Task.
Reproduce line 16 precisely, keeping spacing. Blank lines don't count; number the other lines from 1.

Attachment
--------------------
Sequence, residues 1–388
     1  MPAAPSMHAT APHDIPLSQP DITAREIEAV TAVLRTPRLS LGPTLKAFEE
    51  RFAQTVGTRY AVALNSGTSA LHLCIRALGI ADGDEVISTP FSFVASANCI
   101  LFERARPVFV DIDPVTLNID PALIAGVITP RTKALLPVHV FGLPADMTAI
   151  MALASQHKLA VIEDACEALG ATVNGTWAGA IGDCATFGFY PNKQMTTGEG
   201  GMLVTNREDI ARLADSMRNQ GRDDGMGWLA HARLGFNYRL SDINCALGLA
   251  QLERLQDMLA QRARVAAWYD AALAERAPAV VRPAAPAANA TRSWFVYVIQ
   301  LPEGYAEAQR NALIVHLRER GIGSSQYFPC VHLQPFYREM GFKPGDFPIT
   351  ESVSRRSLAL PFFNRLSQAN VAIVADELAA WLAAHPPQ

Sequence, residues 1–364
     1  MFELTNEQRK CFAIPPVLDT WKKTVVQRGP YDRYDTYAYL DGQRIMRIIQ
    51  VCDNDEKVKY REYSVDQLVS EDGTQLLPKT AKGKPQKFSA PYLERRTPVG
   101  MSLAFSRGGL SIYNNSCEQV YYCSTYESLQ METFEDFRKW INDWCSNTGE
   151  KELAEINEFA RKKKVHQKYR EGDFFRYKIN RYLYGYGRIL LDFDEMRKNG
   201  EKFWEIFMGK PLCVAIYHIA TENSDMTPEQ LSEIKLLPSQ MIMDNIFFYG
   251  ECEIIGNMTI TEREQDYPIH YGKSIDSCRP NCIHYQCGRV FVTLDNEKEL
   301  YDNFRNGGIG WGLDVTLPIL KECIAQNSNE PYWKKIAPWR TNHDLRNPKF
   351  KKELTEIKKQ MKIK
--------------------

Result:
   251  ECEIIGNMTI TEREQDYPIH YGKSIDSCRP NCIHYQCGRV FVTLDNEKEL